Café Myriade

The Cafe Myriade LogoCafé Myriade can claim to have planted the seeds of the wave of new coffee spots emerging in Montréal in the last 18 months. It opened back in 2008 and many of the recent crop, including Pikolo Espresso and Le Couteau/The Knife, can trace their lineage and/or inspiration back to Myriade and its owner, Anthony. It can also stake a claim to having introduced the awesome-looking Triplette espresso machine to Montréal.

However, despite this impressive heritage, I very nearly walked out of Myriade about 10 seconds after walking in. It was heaving, all the tables were taken, there was a queue at the counter and the loud music was really very loud. To cap it all, I was in a foul mood. However, I forced myself to stay and was very glad that I did.

Once I’d settled down and got a table, I found that I loved the place. The atmosphere was great, as was the music, although it won’t be to everyone’s tastes. The coffee was excellent and the staff knowledgeable and helpful. Even the other customers were friendly! What’s more, it’s right in the heart of downtown Montréal where independent coffee spots seem thin on the ground.

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Café Plume

Cafe Plume on Avenue Mont-Royal OuestIt’s fair to say that I was blown away by the coffee scene in Montréal. I came to it armed with precisely zero foreknowledge and left deeply impressed with the range and quality of the coffee spots dotted around the city. Café Plume is another of the new crop of places which have bloomed in the last 18 months or so. It was recommended to me by Marie- Ève of the Pikolo Espresso Bar and her recommendation proved to be spot on.

Café Plume is best described as a neighbour café. Located on the eastern edge of the plateau area of Montréal, opposite Parc Jeanne-Mance, it’s a laid-back, relaxed and friendly place with coffee that’s every bit as good as its setting. Throw in a generous provision of power outlets and free wifi and you have the sort of place that makes you want to move in next door (or, in the case of Café Plume, move into one of the flats above the shop). Or maybe just move into Plume itself!

October 2017: Café Plume has closed, but has been taken over by Paquebot, which has pretty much left things unchanged. You can see what I made of Paquebot Mont-Royal when I visited in a year later in October 2018. Continue reading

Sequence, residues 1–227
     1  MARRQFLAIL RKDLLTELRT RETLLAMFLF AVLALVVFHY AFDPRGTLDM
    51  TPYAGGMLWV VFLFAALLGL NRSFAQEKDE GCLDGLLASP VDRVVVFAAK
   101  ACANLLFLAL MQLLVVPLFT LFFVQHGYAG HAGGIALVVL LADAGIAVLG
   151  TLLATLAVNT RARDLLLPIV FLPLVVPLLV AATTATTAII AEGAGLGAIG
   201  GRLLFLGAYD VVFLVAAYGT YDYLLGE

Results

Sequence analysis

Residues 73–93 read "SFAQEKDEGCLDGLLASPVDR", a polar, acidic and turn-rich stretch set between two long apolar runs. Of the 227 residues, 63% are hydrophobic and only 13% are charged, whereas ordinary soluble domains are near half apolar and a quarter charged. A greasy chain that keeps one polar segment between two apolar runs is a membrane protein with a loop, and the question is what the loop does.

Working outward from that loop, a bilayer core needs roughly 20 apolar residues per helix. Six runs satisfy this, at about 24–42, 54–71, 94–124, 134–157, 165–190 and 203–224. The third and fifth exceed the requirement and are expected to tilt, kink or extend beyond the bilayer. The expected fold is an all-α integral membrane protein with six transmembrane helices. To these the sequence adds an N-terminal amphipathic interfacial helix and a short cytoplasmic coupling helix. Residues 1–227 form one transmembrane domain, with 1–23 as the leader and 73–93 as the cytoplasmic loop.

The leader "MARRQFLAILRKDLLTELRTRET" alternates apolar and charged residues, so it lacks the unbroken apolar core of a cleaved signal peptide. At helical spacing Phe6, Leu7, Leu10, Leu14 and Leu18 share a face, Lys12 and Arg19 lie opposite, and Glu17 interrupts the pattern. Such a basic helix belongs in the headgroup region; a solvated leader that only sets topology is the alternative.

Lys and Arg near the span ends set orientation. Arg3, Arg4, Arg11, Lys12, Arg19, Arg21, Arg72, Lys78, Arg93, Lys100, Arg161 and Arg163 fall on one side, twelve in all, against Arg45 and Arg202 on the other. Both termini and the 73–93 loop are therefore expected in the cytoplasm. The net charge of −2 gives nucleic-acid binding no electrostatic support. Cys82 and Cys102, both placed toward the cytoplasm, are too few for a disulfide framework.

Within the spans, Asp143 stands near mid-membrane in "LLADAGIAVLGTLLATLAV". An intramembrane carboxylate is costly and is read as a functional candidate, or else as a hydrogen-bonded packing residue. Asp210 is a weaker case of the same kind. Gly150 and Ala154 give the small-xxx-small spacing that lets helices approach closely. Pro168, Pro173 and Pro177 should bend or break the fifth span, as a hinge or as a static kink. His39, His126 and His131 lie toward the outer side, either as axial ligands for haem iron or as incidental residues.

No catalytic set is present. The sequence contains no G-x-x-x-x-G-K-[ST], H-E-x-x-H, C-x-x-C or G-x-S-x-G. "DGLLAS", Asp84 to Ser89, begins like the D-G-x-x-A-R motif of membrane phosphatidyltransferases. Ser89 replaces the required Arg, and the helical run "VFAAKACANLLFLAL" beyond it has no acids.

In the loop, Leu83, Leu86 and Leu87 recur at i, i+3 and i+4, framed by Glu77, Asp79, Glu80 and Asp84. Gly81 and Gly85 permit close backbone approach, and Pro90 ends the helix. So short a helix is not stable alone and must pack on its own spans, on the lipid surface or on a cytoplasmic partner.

Le Couteau – The Knife

A Jimma Tencho & Welinso (an Ethiopian bean) made with the BrewT system at Le Couteau, Montreal.You know somewhere is going to be good when everybody you meet tells you to go there. So it was with Le Couteau (The Knife), one of the new wave of coffee shops that have sprung up in Montréal in the last couple of years. In fact, as this post is published, Le Couteau is precisely one year and six days old…

Located just around the corner from the Mont-Royal metro station, Le Couteau is a wonderful place. It’s spacious, full of light and the coffee is superb. The cakes are pretty awesome too. Like many of the places I visited in Montréal, the focus is firmly on the coffee, with little else to distract you, although there is tea and hot chocolate for those of that persuasion.

At first glance, the wooden benches don’t look that inviting, but they are actually very comfortable, while the much sought-after window seats look ideal (I never got to try one since they were all taken). At the risk of sounding like a broken record, if I lived in Montréal, I’d be in here all the time (except I’d be in all other great places I visited as well; something of a dilemma!).

October 2018: Le Couteau changed hands in 2016, becoming a branch of Café Myriade. I popped in on my recent visit to Montréal and found that, coffee notwithstanding, it looked much as I remember it. Keep your eyes peeled for a post on the new Café Myriade – Le Plateau in due course!

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Pikolo Espresso Bar

The Pikolo Espresso Bar, with it's logo of a tree in the window on Park Avenue, MontrealThe Pikolo Espresso Bar in downtown Montréal came highly recommended. No, really. Very highly recommended: I’d only been in Montréal a day and already lots of people had said that I should go there. Under such circumstances, there’s always the possibility for disappointment, so it was with some trepidation that I visited one sunny afternoon.

However, I was far from disappointed. In fact, I fell in love with the place the moment I stepped through the door. Very long and thin, and with wonderfully-high ceilings, there is something about Pikolo to which I was instantly attracted. Located in a beautiful, old building, I knew this was going to be a great place to drink coffee. It probably helps that the coffee is pretty good too.

Frankly, what’s there not to like about Pikolo? It’s small, but never felt crowded; popular, but never felt busy; the staff are great and passionate about the coffee; it’s full of light and I even liked the music! Pikolo has been open about 18 months and is one of the places at the forefront of a quiet coffee revolution taking place in Montréal. With places like Pikolo, the revolution is sure to be a success!

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